Goodman retires after 28 years behind the scenes
June 30, 2010 - Brandon Twp.- Roger Goodman interacts with students throughout the school district every day, what he says is one of the number one joys of his job at every age level— yet he is largely unknown to the kids.
"They're always asking, 'Who's he?'" says Goodman. "I tell them I'm the person in charge of keeping your rooms a comfortable temperature and clean."
Teachers, principals, bus drivers, and secretaries are often the most recognizable of school employees— recognized and known by name by students and parents alike. As the executive director of operations, aquatics, and food service, Goodman may be unfamiliar to students, but for nearly three decades, he has been key to keeping things running smoothly in the district.
Next month, after 28-and-a-half years as the operations director, Goodman will retire. His wife, Donna, recently asked him how he would sum up his career, to which he responded, "It couldn't have been better than it was here in the school district in this community."
In the 1970s, Goodman was a pipe salesman who traveled a lot. When the job listing for the Brandon operations director was posted, he applied for the job, which includes taking care of all buildings in the district including plumbing and electrical issues, mechanical equipment, repairing the grounds for athletic activities, snowplowing, and de-icing of parking lots and driveways.
Goodman supervises repairs, directs employees, and takes care of project bids. He purchases supplies and equipment and has taken direction from five superintendents.
"When I first started, I had a list of what I wanted to do in a day and they smiled at me and said, 'Wait awhile,'" recalled Goodman. "Within a week, I realized our job is really to tackle problems as they come throughout the day."
The biggest change in his job has been the technological aspect. Goodman has overseen implementation of energy management programs that have resulted in major cost reductions, and has led the district in meeting new standards for arsenic and lead levels in drinking water.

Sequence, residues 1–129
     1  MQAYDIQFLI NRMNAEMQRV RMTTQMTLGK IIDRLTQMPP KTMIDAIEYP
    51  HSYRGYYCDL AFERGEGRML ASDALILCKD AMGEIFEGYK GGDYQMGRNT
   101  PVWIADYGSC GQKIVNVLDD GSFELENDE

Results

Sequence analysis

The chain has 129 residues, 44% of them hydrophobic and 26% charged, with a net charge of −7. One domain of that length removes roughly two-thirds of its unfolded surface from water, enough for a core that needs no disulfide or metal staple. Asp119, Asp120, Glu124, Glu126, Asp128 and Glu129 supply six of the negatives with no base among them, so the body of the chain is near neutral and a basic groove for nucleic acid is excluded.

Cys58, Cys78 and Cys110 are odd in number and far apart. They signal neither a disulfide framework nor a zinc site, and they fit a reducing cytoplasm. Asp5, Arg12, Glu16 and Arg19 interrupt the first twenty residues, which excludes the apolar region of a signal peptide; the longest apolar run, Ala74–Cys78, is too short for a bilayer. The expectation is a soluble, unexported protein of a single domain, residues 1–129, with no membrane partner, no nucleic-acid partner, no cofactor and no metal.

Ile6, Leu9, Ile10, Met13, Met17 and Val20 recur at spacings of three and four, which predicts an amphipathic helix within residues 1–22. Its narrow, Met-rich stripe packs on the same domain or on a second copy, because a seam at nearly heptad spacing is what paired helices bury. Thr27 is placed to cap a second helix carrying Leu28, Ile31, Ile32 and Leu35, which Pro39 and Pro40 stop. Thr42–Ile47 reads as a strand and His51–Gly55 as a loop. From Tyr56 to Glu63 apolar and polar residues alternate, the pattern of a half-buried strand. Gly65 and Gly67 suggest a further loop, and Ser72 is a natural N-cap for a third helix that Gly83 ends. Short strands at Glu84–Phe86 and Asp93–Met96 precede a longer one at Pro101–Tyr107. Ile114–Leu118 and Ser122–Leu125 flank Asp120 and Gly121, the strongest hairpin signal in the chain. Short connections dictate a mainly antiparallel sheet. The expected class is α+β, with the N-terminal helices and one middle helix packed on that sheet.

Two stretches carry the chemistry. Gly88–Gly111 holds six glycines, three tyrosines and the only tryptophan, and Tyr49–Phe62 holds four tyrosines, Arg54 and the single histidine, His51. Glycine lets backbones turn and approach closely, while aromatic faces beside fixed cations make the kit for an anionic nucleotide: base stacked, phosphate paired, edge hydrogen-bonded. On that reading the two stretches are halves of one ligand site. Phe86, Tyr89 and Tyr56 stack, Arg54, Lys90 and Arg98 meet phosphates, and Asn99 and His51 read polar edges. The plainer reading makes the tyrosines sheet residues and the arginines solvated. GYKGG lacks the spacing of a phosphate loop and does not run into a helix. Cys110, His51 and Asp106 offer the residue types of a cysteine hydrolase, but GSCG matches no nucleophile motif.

Among the greatest difficulties he has faced is clearing snow in a timely manner to allow buses to drop off students at the eight district buildings, and bringing all equipment back online after a power failure.
An ice storm in the mid-1980s shut down the district for a week, after which Goodman remembers it was a major challenge to fire up the boilers in each building and repair all the leaks from frozen heat lines.
He recalls, too, the Christmas Eve around 1998 when he was on his way to a family gathering and received a call from the superintendent, who informed him someone passing by the aquatics center had seen steam coming out of the building and the windows fogged up. Goodman dropped wife Donna off at the party, headed to the school, and he and a crew he called in spent five hours cleaning up water from a burst pipe.
"It's part of the job that I never hesitated to take care of," said Goodman. "It's my responsibility."
In all his time here, he is proud that the district has never shut down because of a heating problem, other than what has been caused by Mother Nature and providing students a clean, comfortable and safe environment to learn in has been his top priority.
Goodman has even been recognized by the Oakland County Sheriff's Office for his efforts after he assisted Brandon deputies in 2004 in capturing a man who was wanted for serious crimes, including allegedly breaking into homes, entering Brandon Middle School, Brandon High School and the elementary schools, threatening children and attempting to sell drugs.
On several occasions, Goodman chased the subject from Harvey-Swanson Elementary and pursued him in the woods. He was present the day the man was finally captured.
Goodman has enjoyed good relationships with the fire and police departments and business owners in the community and said the school district is a family.
"With them, it's more like you're at home," he said. "We've had really good kids here, they've been excellent through the years for the most part. I will leave with fond thoughts of the people I've worked with over the years."
In his retirement, Goodman plans to travel to Arizona, golf, and spend time with his three children and six grandchildren, all of whom live in the Lake Orion area.
Susan covers Brandon Township and Ortonville